Rio robbery victim Michael Conlan laughs at the news AIBA will plan ‘honest’ and ‘transparent’ 2016 Olympic investigation
Michael Conlan has laughed at the news the IABA are going to investigate the Rio robberies.
AIBA President Umar Kremlev has revealed a fresh investigation is set to be launched by the asociation into the conduct of judging and refereeing at the Rio 2016 Olympic Games.
Kremlev revealed the situation is part of a series of reforms approved by the governing body’s Board of Directors and has stressed the importance of carrying out an “honest” and “transparent” investigation.
However, Conlan, the most high profile victim of scandalous adjudication in Rio has laughed at the news, seemingly questioning the point in a self investigation.
Upon discovering the plans Conlan simply tweeted:
Is this a self investigation? Lol https://t.co/T6jKhBeuSn— Michael Conlan (@mickconlan11) April 23, 2021
The now Top Rank pro’s scemptism is understandable considering how badly he was robbed against Vladimir Nikitin just under five years ago and the stories which surrounded that defeat.
Although not as noticeable at the time there have also been questions raised with regard to Joe Ward and Katie Taylor’s exits, Wards being particularly dubious.
Such was the controvsary surrounding boxing in the last installment of the Games, that it’s presence in future Olympic was under threat. All 36 referees and judges used for the boxing tournament at Rio 2016 were suspended by AIBA over corruption concerns and will not be allowed to officiate at Tokyo 2020 or any qualifying events.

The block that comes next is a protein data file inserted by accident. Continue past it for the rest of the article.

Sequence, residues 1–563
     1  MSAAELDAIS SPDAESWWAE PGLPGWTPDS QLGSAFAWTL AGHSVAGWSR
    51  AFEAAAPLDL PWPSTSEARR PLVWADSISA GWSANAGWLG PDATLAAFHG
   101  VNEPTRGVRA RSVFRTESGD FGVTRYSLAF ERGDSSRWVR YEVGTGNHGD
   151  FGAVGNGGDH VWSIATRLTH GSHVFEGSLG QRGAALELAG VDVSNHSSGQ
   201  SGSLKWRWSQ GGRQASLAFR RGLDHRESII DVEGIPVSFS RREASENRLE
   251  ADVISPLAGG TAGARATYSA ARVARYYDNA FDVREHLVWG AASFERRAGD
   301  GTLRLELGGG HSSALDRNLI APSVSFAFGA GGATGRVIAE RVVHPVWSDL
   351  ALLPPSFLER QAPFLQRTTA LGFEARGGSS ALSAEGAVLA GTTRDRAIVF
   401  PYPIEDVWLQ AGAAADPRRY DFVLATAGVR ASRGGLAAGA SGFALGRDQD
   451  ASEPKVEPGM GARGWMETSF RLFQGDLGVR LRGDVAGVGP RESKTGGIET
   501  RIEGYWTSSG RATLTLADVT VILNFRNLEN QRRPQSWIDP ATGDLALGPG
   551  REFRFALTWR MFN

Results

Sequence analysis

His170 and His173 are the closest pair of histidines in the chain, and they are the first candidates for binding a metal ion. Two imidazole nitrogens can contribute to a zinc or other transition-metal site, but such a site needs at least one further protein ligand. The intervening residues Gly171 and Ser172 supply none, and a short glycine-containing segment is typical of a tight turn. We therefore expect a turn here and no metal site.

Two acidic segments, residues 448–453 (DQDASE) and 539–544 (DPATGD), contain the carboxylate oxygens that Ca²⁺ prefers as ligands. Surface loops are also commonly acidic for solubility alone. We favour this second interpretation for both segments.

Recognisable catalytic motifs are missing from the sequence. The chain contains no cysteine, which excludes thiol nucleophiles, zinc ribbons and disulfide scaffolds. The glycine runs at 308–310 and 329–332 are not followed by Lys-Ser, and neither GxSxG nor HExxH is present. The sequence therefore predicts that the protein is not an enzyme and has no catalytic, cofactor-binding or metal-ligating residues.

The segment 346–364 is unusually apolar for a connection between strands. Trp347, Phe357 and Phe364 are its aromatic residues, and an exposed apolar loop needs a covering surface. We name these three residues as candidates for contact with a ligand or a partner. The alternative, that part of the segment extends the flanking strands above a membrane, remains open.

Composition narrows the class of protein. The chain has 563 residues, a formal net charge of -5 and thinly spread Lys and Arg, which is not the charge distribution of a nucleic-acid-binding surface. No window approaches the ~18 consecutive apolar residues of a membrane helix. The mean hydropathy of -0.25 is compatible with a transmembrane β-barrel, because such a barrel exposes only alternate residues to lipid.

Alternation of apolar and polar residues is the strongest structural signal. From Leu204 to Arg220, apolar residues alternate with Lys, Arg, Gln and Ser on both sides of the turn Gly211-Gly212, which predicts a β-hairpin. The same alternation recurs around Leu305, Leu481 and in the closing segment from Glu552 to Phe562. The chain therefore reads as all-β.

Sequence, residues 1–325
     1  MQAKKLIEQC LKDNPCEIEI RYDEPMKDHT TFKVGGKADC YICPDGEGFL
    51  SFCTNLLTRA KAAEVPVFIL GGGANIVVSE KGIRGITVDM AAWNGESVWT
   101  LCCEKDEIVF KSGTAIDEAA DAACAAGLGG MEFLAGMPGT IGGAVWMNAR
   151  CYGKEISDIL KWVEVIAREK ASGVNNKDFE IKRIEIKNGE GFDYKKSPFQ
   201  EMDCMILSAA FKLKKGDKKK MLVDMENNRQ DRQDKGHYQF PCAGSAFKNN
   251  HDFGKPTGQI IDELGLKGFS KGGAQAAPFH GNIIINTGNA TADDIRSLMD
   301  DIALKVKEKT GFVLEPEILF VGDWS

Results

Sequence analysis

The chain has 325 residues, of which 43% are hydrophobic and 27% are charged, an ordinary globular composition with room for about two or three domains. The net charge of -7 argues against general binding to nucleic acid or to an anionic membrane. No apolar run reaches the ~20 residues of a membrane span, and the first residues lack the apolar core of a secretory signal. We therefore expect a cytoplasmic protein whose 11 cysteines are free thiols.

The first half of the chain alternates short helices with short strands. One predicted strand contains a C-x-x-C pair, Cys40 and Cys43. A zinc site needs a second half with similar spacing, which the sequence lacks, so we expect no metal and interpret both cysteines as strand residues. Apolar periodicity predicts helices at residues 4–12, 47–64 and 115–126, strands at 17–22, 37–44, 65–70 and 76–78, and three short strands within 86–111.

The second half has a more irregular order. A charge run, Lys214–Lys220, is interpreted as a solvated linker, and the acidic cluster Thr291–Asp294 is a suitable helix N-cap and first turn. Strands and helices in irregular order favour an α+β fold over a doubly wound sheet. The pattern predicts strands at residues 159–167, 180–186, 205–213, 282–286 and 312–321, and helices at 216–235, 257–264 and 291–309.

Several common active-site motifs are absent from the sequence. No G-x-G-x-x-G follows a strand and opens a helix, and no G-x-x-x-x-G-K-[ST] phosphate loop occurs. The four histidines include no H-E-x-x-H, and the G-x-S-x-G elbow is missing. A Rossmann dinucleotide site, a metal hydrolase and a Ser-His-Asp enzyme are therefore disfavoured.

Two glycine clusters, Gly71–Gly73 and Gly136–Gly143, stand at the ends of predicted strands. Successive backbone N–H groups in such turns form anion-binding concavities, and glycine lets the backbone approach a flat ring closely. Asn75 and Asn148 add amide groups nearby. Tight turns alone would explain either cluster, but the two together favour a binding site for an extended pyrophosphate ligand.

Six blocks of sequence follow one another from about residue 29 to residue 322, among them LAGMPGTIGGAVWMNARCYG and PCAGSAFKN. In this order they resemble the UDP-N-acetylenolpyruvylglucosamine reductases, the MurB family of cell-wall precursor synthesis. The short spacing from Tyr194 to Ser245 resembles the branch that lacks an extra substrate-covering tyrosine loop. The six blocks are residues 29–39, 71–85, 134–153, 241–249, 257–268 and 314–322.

The IOC took over from the IABA and set up their own qualification system and we await to see how Tokyo runs.
It’s not the first time the IABA have investigated the matter. An internal AIBA probe found there had been “strong suspicion surrounding [former executive director] Karim Bouzidi and the five-stars referees and judges”.
The AIBA investigation, which was never published, reportedly did not accuse Bouzidi of manipulating the tournament due to a lack of evidence.
It did, however, reportedly “uncover evidence that the executive director used his authority to get referee and judges changes made in some bouts”.